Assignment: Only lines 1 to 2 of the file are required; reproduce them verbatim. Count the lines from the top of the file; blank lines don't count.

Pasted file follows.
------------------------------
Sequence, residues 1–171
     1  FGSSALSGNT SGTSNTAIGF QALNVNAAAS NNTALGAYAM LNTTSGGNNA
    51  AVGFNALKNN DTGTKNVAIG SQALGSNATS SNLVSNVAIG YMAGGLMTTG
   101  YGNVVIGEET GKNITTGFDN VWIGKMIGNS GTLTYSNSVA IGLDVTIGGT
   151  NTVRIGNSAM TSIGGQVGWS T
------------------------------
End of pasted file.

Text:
Sequence, residues 1–171
     1  FGSSALSGNT SGTSNTAIGF QALNVNAAAS NNTALGAYAM LNTTSGGNNA